No people is so reviled by Hashem as Amalek, the archenemy of the Jewish People. Regarding no other nation do we have a commandment to obliterate their name. Only Amalek has that distinction. Why? What is there about Amalek - his hatred of the Jews and everything that they represent - that differentiates him so? I think the answer lies in Amalek's attack on us. We were leaving Egypt after two centuries of bitter, brutal persecution. We were not bothering anyone. Yet, Amalek, for some reason, felt it necessary to attack. Why? We were threatening no immediate danger to him; we were not traveling through his land. The Jewish People were basically minding their own business. Yet, Amalek attacked them for no apparent reason.

Perhaps the answer lies in Megillas Esther, which relates the Purim story, in which Haman, descendant and heir to the evil Amalek, attempted to wipe out the Jewish population of Persia. How did he do it? What was his convincing argument? Yeshno am echad mefuzar u'meforad bein ha'amim… v'daseihem shonos mi'kol am, "There is a certain people scattered abroad and dispersed among the peoples…Their laws are different from every other peoples" (Megillas Esther 3:8). Haman reveals the "reason" for his hatred of the Jews: they are different! Haman was intolerant of the Jews' distinction. He was not suffering from the Jews. He lost no money. The mere fact that they were not like him was reason enough to hate and kill them.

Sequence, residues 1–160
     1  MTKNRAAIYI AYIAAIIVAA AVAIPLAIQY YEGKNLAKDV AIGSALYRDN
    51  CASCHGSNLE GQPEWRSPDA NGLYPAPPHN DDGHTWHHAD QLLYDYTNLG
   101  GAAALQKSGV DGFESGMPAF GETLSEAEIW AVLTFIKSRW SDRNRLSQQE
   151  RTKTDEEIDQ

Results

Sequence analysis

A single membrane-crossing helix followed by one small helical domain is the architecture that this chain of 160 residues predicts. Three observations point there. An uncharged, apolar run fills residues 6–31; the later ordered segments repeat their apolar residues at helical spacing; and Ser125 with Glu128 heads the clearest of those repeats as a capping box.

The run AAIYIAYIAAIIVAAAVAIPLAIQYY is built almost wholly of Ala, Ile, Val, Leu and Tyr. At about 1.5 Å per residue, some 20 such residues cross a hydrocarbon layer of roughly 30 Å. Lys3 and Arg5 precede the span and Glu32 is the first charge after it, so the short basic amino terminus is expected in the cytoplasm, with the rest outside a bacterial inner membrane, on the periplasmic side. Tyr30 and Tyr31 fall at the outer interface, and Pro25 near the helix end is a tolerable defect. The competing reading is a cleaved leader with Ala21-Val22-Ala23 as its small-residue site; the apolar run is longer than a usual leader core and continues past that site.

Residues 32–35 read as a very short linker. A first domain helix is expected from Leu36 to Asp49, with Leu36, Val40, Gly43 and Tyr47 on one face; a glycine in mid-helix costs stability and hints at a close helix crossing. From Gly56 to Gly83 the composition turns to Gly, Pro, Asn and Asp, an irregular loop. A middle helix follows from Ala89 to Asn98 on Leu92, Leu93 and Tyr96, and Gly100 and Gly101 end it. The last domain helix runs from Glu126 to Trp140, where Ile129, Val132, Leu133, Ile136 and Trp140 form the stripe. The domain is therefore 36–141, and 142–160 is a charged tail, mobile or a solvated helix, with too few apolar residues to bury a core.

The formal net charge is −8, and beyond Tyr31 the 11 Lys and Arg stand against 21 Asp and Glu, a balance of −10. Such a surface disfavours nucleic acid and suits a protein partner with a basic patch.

This is Amalek. The Jewish nation that was liberated from Egypt had no issues with Amalek. Yet, the fact that they were different was reason enough for Amalek to wage war with them. Halachah, Eisav sonei l'Yaakov, "It is Halachic axiom, that Eisav hates Yaakov." No rhyme or reason - just simple hatred. Why? Yaakov is different. Eisav's insecurity cannot tolerate anyone who is different than he is. In the womb, Eisav was already out to destroy Yaakov Avinu. Why? Because, when Rivkah Imeinu passed a shul or bais ha'midrash, Yaakov wanted out. This agitated Eisav, since the avodah zarah, house of idol-worship, is where he would gravitate. He was different, and this troubled Eisav enough to hate him.